Loyalists get it right in left red hand debate

Loyalist Communities Council member David Campbell (left) at the launch of the flag with Jim Wilson, Jackie McDonald and Winston Irvine

Loyalist Communities Council member David Campbell (left) at the launch of the flag with Jim Wilson, Jackie McDonald and Winston Irvine

The head of a World War One history organisation has declared that a loyalist group was entirely right to have used a left-handed version of the red hand of Ulster on a commemorative flag.

The director of the Somme Association confirmed that this was indeed the symbol of the 36th Ulster Division, following discussion in the media about whether the Loyalist Communities Council had incorrectly used it as the central emblem on a new flag.

Symbol of the 36th Ulster Division, taken from the Somme Association website

Symbol of the 36th Ulster Division, taken from the Somme Association website

The flag was launched last month, with the intention that it will be displayed on the Province’s streets as a more acceptable alternative to paramilitary symbols.

It had been unveiled by Jackie McDonald of the UDA-linked UPRG, Winston Irvine of the UVF-linked PUP, and Jim Wilson, who has described himself as a former Red Hand Commando internee.

This is contrary to the right hand which appears on the Ulster Banner; the commonly used flag of Northern Ireland, which features a crown above the red hand.

The provincial flag of Ulster (the yellow flag with a red cross and red hand in a white shield) likewise uses a right hand as standard.

A plaque dedicated to the division at the Ulster Memorial Tower at the Somme uses a right-hand symbol, too.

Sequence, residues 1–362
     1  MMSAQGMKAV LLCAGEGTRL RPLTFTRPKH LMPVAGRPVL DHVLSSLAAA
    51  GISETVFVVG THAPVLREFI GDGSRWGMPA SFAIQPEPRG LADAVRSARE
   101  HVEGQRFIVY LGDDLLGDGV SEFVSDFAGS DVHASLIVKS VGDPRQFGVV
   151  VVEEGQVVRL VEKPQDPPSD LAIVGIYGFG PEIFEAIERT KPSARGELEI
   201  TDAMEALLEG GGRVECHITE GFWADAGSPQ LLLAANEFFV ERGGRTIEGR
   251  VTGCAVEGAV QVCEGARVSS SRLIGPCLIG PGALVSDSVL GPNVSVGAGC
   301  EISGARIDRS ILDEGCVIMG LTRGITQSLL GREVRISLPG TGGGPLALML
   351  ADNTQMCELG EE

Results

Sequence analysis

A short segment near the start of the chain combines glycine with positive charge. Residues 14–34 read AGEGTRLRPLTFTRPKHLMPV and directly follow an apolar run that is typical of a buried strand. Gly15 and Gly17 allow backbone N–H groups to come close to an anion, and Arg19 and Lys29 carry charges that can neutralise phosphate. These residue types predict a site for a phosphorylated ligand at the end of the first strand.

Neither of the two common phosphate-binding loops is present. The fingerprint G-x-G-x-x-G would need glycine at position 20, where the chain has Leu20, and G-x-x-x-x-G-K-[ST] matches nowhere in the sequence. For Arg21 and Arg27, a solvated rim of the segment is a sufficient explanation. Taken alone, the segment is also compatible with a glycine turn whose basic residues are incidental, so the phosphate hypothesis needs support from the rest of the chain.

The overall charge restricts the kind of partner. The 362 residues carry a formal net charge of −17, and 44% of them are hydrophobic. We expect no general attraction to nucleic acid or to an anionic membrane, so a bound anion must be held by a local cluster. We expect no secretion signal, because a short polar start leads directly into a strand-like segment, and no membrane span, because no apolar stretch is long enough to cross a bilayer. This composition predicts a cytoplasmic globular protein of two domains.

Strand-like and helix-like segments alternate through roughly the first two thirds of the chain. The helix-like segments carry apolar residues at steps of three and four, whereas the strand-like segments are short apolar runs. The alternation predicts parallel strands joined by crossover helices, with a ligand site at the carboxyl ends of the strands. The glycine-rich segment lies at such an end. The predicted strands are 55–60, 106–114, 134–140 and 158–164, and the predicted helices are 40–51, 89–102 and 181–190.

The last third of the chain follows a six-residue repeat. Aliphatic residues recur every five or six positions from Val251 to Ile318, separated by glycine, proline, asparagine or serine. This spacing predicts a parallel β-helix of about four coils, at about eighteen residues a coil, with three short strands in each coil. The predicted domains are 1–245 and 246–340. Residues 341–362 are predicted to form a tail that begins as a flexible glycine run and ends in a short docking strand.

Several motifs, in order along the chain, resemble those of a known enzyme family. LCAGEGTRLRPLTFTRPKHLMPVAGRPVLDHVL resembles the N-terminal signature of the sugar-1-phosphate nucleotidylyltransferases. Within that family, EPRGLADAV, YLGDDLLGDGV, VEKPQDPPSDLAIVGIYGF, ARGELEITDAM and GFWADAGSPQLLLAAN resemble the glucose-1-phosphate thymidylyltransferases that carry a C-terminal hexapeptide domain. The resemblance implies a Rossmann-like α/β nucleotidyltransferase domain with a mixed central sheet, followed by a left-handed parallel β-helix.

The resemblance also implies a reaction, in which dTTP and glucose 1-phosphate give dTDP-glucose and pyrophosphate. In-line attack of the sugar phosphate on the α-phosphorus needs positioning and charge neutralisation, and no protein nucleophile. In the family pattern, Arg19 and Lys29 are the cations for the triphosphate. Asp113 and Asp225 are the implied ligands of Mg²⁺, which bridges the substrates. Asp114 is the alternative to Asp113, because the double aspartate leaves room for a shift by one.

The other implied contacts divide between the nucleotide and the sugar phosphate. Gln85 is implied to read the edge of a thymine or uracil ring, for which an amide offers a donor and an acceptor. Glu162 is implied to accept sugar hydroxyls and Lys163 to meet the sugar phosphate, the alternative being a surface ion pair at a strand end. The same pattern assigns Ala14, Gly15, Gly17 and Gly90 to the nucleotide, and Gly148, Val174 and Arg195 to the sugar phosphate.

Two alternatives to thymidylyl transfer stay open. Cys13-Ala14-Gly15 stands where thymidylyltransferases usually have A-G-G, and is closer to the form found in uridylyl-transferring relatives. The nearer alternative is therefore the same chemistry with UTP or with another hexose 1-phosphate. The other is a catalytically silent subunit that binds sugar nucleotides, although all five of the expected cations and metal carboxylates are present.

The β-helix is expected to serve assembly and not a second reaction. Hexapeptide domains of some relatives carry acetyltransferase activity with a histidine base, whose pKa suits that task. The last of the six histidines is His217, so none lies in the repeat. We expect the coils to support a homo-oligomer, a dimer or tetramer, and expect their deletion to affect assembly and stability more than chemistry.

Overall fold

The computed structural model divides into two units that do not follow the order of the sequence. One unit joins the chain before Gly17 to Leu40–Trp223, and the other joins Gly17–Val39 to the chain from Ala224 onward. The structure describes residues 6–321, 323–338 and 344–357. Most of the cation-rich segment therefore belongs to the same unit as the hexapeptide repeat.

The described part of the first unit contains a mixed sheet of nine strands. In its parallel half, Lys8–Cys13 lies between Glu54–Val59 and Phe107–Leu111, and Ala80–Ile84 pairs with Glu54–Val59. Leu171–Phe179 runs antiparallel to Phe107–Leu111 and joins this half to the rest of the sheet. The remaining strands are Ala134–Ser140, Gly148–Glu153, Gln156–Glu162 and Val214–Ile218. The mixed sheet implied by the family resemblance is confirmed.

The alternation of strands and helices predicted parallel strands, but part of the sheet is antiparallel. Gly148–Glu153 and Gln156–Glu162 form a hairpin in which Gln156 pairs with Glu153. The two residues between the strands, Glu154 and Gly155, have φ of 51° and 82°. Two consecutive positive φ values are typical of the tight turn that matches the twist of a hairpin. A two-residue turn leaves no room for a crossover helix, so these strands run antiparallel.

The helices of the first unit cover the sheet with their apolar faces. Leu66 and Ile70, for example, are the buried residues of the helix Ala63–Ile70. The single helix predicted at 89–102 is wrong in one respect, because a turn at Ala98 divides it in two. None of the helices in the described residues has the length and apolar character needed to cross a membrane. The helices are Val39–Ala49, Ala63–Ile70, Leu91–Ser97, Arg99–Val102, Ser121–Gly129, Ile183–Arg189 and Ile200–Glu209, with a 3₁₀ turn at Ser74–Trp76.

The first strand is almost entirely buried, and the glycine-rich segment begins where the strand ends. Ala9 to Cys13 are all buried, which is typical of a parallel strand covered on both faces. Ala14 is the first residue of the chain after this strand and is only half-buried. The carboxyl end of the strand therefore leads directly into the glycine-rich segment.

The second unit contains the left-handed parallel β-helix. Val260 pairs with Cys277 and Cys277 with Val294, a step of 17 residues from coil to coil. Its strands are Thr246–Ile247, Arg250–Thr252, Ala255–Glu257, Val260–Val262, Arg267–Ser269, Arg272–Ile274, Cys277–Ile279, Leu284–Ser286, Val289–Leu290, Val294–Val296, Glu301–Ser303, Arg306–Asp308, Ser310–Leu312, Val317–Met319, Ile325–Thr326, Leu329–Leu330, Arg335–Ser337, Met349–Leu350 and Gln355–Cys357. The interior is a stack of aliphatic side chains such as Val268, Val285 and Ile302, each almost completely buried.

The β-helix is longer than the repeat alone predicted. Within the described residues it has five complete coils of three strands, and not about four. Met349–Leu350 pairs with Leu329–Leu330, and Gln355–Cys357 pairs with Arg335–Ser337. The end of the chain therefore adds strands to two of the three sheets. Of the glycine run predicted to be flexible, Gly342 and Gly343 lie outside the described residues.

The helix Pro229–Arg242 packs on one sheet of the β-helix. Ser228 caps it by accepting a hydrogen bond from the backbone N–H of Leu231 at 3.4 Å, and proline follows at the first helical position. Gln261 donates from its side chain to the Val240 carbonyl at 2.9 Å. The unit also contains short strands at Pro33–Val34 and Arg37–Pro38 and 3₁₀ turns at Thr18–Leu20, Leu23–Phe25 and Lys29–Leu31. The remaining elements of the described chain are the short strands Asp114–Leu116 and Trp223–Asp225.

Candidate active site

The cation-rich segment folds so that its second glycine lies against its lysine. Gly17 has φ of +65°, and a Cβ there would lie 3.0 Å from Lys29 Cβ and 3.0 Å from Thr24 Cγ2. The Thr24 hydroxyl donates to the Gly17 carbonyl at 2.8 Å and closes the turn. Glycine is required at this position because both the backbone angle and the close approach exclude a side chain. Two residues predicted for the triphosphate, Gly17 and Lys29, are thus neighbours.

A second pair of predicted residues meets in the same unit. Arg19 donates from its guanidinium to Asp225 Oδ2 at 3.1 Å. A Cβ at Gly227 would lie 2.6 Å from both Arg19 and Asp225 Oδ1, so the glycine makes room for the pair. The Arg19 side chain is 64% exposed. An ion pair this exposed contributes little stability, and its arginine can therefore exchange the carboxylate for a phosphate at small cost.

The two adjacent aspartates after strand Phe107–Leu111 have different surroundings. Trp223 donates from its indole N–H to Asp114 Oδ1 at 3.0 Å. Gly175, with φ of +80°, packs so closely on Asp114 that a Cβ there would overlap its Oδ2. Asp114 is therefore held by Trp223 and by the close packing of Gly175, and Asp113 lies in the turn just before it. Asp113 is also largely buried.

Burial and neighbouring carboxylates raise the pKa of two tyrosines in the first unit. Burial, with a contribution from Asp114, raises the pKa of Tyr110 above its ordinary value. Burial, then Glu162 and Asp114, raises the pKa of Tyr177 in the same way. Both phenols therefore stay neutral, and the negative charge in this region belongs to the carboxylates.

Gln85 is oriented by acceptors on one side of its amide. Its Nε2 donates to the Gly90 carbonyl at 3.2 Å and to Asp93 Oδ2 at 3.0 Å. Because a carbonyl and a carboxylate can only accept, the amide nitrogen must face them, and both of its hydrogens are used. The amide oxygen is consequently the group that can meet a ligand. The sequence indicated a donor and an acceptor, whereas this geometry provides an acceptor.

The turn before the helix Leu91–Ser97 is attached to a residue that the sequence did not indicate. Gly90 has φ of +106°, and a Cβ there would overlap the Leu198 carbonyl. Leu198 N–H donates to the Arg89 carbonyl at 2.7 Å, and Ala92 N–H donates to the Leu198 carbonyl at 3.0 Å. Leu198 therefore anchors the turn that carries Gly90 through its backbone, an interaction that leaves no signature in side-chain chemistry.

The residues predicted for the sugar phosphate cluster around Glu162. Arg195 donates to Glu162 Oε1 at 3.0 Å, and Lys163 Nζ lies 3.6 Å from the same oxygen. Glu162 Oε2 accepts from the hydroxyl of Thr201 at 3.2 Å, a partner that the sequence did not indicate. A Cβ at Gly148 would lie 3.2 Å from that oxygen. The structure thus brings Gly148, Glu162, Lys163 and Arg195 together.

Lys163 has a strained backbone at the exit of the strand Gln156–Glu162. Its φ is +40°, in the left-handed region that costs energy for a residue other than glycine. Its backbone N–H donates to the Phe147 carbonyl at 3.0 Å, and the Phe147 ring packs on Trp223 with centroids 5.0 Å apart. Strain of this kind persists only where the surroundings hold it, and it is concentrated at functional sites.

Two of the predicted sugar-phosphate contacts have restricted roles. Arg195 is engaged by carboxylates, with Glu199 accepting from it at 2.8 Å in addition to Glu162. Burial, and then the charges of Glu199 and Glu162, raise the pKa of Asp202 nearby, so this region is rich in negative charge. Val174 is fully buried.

The question of whether the left or right-handed version is correct formed the basis of an article in the Irish News, and also formed part of Friday’s BBC Talkback show.

Somme Association director Carol Walker told the News Letter: “The Ulster Division hand was a left hand, different to the red hand that’s on the Northern Ireland flag or the Ulster flag as we know it today.

“The flag that they [the Loyalist Communities Council] have produced, they have looked into it, they consulted, and it is correct.”

She said the red hand has been a symbol of Ulster since before the Battle of the Boyne.

Asked why the famous emblem appears in different forms on different flags, she said: “We can’t seem to find any definitive reason.”

The right variety was more common at the time of World War One, and she said the division may have chosen the left hand “maybe just to make themselves a little different”.

Winston Irvine said their flag had been produced with the help of a donation from a benefactor.

He would not name the individual or say how much they gave.

He said: “The usage of both left and right hand of the red hand of Ulster is actually accurate, depending on its context.”

Trevor Ringland, a member of the NI Conservatives, had used the letters pages of the News Letter to accuse loyalist paramilitaries with “demeaning the memory of soldiers” after the Loyalist Communities Council initiative was launched.

He wrote: “There should be wariness about loyalist paramilitaries attempting to take a leading role in commemorating the Somme, either through erecting flags or other initiatives.

“Many of those who died during the battle came from working-class areas of Ulster, but that’s where any similarity with modern paramilitary groups ends.”